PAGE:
Costs. High costs. The greatest challenge corporate legal departments face in managing cyber issues in 2019 may be paying for them.

Every general counsel must prepare the legal department’s annual spend. Routine and recurring expenses are easy to identify. Unplanned events may be the more expensive ones for corporate legal departments.

I recall a time when the Russian legislature passed its budget and included a provision in the tax code that retroactively required corporations to pay employment taxes for its independent contractors.  Consequently, the company suddenly owed many millions of dollars in unplanned taxes. Not only did the company face additional direct financial exposure with the regulating agency, but the company also encountered new indirect legal costs that were difficult to foresee. The Russian market was and continues to be high-risk in terms of legal exposure.

Tasked with the charge to eliminate the problem, I had to develop a strategy to reverse the impact of the new law and seek approval for new funds to cover the cost of that effort. I essentially had to be a response team of one lawyer who could identify and develop workable solutions the company was willing to pay for.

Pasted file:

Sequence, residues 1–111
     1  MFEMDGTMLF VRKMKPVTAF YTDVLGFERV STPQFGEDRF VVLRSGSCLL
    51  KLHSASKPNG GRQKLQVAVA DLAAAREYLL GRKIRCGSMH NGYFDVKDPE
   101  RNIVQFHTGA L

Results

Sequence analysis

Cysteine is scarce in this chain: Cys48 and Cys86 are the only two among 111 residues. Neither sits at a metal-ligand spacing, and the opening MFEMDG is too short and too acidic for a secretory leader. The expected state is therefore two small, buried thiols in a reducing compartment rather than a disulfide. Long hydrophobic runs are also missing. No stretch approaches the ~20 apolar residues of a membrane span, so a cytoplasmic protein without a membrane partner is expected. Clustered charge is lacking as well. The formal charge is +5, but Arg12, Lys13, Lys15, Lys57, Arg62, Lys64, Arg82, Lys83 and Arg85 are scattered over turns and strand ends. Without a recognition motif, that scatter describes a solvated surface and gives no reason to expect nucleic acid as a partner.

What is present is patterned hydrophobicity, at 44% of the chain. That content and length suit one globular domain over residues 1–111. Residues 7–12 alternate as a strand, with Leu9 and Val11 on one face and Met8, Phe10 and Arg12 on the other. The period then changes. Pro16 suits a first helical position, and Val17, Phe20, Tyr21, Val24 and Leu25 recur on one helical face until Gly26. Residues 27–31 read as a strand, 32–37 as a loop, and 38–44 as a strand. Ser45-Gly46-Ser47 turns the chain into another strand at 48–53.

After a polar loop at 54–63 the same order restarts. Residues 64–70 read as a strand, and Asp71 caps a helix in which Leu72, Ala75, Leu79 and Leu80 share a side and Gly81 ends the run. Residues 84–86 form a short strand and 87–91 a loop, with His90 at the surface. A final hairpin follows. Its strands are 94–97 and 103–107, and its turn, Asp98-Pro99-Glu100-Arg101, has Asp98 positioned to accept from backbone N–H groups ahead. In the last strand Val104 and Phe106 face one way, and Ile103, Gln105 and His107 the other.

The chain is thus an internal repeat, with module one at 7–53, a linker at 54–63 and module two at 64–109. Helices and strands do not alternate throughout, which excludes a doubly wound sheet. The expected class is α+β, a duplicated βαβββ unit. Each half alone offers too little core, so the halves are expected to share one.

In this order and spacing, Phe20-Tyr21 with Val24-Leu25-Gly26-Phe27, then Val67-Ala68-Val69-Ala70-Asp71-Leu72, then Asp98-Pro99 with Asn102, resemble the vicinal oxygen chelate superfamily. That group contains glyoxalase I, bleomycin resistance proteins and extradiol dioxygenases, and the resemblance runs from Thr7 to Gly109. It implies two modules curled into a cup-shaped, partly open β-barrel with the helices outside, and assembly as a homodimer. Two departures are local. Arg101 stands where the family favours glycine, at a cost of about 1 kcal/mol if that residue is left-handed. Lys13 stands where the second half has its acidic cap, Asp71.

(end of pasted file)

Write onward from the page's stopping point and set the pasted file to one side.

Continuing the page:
Just as the Russian market is uncertain, so is the ongoing security of a company’s data. Data breaches are, no doubt, unplanned events that all lawyers dread. A leading cyber executive I know reminds us that there are two kinds of CEOs:  one that knows his company’s data has been breached and one who doesn’t.

Do you have the in-house expertise to manage the many legal issues associated with a data breach? Are you capable of leading or serving on an incident response team? Does the company have an incident response team? Are you the general counsel or chief compliance officer who knows or is yet to find out?

When the answers are “no”, costs soar. Direct and indirect. We learned a few important conclusions from The Ponemon Institute’s 2018 Cost of a Data Breach Study: Global Overview. Recognizing that the average total cost of a data breach is $3.9 million, or $148 per record, it’s safe to assume that the legal costs of data breaches are significant. Firms that use an incident response team can reduce the cost of the data breach to $134, or $14 per record, which suggests that legal costs can also be reduced.

How do you assess your company’s risk for a data breach? Ignyte can assess your risk before you’re in rapid response mode. See www.ignyteplatform.com to take your first step.